·         Coping Mechanisms – Male coping mechanisms differ a lot from female coping strategies. A man might throw himself into an activity, focussing a lot on work or sport to avoid dealing with his problems or distract himself. Also, the man in question might resort to impulsive strategies such as alcohol or drugs to cope with the feelings they are experiencing.

·         Downplaying signs or symptoms – Men are much more likely to ignore or justify the feelings they are experiencing than females.

·         Reluctance to discuss things – Men probably wont want to discuss they feelings with anyone, let alone a mental health professional. It’s better to reach out to your man in a caring, casual way when encouraging to seek help, e.g. “It’s probably nothing darling, but it might be worth just popping to see Dr Smith in case he has any suggestions” than “You are depressed and I’m taking you to see a Psychiatrist on Monday!”.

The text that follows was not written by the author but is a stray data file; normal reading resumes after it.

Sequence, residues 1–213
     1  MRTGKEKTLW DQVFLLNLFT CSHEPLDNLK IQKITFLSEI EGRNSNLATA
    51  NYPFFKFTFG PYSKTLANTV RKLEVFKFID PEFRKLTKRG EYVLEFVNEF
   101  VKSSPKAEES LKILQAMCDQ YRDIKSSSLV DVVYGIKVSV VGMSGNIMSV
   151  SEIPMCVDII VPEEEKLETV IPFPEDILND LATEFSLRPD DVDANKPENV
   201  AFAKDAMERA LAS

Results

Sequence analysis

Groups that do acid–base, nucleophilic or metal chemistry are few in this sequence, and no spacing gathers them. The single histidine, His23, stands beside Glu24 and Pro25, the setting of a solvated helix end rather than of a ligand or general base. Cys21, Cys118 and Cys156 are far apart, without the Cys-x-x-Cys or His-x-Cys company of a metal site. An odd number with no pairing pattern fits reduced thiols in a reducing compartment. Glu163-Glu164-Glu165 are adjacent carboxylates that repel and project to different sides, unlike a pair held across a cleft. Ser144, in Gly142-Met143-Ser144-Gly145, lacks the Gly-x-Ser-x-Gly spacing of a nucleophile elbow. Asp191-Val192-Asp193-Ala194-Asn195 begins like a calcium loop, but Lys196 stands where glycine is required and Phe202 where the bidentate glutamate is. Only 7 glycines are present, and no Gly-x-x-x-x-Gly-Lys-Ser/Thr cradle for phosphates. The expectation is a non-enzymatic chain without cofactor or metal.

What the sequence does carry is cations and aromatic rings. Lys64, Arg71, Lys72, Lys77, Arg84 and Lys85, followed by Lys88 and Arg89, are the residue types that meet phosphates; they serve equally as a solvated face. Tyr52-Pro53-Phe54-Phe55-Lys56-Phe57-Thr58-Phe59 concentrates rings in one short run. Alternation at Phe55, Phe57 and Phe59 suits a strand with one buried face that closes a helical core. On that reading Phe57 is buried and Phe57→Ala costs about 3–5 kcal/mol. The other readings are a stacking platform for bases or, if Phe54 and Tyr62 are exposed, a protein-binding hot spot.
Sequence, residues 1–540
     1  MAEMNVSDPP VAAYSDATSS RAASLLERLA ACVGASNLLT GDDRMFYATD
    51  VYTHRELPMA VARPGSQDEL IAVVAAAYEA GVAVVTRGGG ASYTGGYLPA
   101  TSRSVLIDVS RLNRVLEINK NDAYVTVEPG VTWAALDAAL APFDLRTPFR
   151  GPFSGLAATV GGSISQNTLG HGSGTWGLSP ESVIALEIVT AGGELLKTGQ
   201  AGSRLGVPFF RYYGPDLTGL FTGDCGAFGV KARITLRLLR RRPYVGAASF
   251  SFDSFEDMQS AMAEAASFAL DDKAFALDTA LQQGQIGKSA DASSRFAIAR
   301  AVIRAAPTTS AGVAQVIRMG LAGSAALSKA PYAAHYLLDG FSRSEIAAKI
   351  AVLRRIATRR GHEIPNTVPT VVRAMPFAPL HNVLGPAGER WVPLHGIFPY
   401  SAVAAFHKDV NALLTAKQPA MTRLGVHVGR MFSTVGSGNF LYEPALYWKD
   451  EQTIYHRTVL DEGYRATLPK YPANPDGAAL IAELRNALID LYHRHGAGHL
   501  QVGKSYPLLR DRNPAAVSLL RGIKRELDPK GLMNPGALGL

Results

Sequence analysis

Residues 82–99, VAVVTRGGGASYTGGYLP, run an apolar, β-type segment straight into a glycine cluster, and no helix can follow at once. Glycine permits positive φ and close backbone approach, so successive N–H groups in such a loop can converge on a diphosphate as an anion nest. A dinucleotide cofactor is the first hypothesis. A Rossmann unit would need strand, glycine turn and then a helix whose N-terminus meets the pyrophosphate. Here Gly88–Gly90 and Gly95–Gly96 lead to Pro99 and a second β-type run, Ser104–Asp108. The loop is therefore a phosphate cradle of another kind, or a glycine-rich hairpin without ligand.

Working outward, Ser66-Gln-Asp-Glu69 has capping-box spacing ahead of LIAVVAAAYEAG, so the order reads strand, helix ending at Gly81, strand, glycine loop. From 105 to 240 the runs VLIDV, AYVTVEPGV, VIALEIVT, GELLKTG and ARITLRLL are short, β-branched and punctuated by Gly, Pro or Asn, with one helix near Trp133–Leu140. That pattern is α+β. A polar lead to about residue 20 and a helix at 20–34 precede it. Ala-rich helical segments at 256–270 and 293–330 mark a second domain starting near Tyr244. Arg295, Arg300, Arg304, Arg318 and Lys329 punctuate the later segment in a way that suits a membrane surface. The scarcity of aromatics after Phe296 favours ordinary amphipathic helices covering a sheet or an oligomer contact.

·         Emotions – Men are likely to feel anger, violence or frustration rather than sadness when they are depressed.

·         Physical vs Emotional – Males are likely to report feelings of physical pain such as headaches, backaches, dizziness, chest and joint pain rather than emotional discomfort.

If you think that your partner, son, brother, father or male friend is suffering from depression, try to encourage them to seek help from a Doctor or Psychotherapist without pressuring them or making a big “fuss” about it. The Royal College of Psychiatrists offers helpful information here:


Tuesday, 4 December 2012

From Angry to Assertive in 10 Steps